“Oh, no,” Maggie thought as she watched the wasp crawl out of her ear, “Not again.” She’d been in the middle of brushing her teeth when she caught the movement out of the corner of her eye, and she stopped and stared at her reflection in the mirror as the creature emerged.
“No, no, no,” she thought as the wasp unfurled its wings. She didn’t want to startle it, so she held very still – her toothbrush in one hand and toothpaste in the other. She watched it for a moment as it flapped its wings hesitantly, as if to test their stability.
“Please, don’t do that,” she silently pleaded. “Just turn around and go back in.” Instead, it lifted off her ear and began flying around her head. It circled twice and then darted away, flying quickly through the open bathroom door.
Maggie set down her toothbrush and toothpaste, then grabbed her head and groaned. It had been years since the last time the wasps came – since the doctors told her it was an ear infection, since the doctors told her it was too much caffeine, it was brain damage, it was not brain damage, it was hypertension, it was acoustic trauma – it was irreversible, untreatable, indefinable. Maybe you should talk to a psychiatrist, Maggie. Are you having thoughts of hurting yourself, Maggie? I’ll prescribe something for your nerves, Maggie.
“Oh God, please no.” She looked at the bottles lined up in the corner. There were only two now. Once there were three, and then five, and then she didn’t want to take them anymore. Please don’t make me take them anymore. They didn’t make the buzzing stop – they didn’t put the wasps to sleep. There was only one way to put the wasps to sleep and it didn’t come in a bottle and she put the wasps to sleep but now there were new bottles and…
It had been years – years since she took the gasoline and the match to the wasp nest – the one in the gnarled tree out behind her house – the tree that the crazy old man who sold her the house told her to stay away from. She thought he meant that she was in danger of getting stung – that the wasps were aggressive.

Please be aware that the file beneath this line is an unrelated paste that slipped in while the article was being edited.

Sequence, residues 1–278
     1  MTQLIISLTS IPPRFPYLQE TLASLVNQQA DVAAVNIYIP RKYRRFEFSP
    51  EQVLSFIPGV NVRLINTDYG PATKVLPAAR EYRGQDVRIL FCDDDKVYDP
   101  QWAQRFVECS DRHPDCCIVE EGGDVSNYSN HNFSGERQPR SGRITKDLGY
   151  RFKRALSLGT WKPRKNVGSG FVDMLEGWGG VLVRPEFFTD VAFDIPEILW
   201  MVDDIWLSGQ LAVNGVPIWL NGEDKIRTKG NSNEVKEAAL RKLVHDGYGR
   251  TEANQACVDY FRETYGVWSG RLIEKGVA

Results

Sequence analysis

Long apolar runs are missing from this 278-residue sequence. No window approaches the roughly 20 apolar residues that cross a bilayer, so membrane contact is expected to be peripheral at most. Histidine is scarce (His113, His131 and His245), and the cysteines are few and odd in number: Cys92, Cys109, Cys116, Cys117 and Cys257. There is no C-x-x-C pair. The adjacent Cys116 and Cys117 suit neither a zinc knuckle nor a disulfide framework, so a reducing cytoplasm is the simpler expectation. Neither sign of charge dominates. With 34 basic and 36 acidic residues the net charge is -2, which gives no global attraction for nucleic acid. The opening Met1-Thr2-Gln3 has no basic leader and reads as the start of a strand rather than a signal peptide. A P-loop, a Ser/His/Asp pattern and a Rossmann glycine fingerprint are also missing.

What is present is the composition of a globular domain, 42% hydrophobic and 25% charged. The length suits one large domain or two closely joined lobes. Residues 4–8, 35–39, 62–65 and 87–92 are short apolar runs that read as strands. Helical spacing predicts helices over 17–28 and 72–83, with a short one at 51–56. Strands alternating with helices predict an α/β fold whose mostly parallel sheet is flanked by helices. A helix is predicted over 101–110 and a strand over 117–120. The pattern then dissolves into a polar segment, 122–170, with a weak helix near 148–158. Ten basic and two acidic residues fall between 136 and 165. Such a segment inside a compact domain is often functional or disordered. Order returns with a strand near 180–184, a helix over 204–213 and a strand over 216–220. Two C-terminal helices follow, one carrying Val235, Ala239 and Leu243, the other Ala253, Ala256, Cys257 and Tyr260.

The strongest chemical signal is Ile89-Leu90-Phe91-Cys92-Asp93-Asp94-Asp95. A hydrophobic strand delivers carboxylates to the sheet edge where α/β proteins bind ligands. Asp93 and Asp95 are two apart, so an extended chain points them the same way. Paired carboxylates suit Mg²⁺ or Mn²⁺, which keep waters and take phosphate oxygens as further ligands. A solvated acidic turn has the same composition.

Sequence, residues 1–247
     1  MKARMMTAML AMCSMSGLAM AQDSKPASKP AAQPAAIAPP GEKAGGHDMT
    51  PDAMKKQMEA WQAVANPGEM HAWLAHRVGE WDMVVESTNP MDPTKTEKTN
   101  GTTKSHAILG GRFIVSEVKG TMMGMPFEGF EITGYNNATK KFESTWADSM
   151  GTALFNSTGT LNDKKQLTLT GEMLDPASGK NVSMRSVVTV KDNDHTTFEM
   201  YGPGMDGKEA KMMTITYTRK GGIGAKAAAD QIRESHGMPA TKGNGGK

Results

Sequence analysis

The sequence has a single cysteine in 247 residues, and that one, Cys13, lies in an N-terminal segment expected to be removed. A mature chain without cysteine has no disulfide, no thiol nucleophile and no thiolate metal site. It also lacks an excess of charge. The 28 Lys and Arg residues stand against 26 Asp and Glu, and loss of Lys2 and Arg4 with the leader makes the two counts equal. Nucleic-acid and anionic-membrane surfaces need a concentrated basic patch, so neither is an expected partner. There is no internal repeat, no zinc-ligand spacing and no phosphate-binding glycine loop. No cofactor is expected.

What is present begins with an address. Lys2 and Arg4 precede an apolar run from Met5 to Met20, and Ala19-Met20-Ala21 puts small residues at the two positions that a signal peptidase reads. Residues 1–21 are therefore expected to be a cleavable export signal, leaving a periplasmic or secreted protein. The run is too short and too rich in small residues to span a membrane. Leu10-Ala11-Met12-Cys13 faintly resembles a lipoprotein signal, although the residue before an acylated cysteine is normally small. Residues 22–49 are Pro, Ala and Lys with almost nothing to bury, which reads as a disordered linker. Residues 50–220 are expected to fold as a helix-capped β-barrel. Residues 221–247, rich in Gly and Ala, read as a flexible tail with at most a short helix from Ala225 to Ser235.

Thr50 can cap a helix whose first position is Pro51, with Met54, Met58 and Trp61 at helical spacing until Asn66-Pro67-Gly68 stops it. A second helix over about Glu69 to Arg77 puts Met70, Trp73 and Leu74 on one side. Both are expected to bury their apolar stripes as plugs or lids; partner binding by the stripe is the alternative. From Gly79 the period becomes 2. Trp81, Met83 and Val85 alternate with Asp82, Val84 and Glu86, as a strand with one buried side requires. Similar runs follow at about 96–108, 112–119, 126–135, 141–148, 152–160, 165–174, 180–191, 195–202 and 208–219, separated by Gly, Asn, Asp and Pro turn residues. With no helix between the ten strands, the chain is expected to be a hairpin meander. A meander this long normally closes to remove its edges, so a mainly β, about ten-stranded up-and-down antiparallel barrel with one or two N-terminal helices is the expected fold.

“Just douse the thing with gas, light it on fire, and run,” her father had told her. So she had – and then she’d watched it burn from behind the safety of her screen door. The buzzing began a week later – and she’d gone through tests and more tests and therapy and more tests – but it only grew louder and louder and louder.
Six months later, just when she’d accepted that she’d have to learn to live with the buzzing inside her head, they started appearing – from her ears, from her nose, from her mouth. They crawled out in the middle of the night and built their nests inside the walls and under the floors and in the closets and under the beds.
They crawled into her shoes and fell out of her pockets; they clogged her pipes and infested her kitchen. Everywhere – everywhere – they buzzed and crawled and buzzed and flew and buzzed and stung. Finally, when she could take no more, when she’d been stung for the last time, when she could hear nothing else but the demonic buzzing, she took care of them the only way she knew how: she took the gas can, doused the house, climbed up on top of the bed, and lit a match.
The buzzing stopped.
After she’d put her life back together – after she’d made it through years of burn therapy, after the psychiatrists explained that she’d had a psychotic break, after she’d met and married the cute nurse, after she graduated from law school, after they’d had two children – after all of that – on some days she didn’t actually think about the wasps.
She peered out of the bathroom and looked at her husband, lying peacefully in bed. The wasp buzzed around the room, then slipped out of the door into the hall. She followed it, quietly, as it flitted about, and then saw it fly into the room where her two boys slept.
“Oh, God,” she gasped. She pushed the door open, and then watched as the wasp settled into the pillow of her eldest child. “No,” she pleaded, “Please, God, no.”
The wasp walked up the boy’s neck, onto his ear, paused for a second, and then disappeared inside. He whimpered quietly, but did not wake up.
Maggie stumbled back against the wall and slowly slid to her knees. She began to sob quietly. She knew what lay in store for her son – for her whole family – and she knew that she couldn’t bear to see them put through it. There was only one way to fix it – only one way to keep the wasps from buzzing.
The only way she knew how.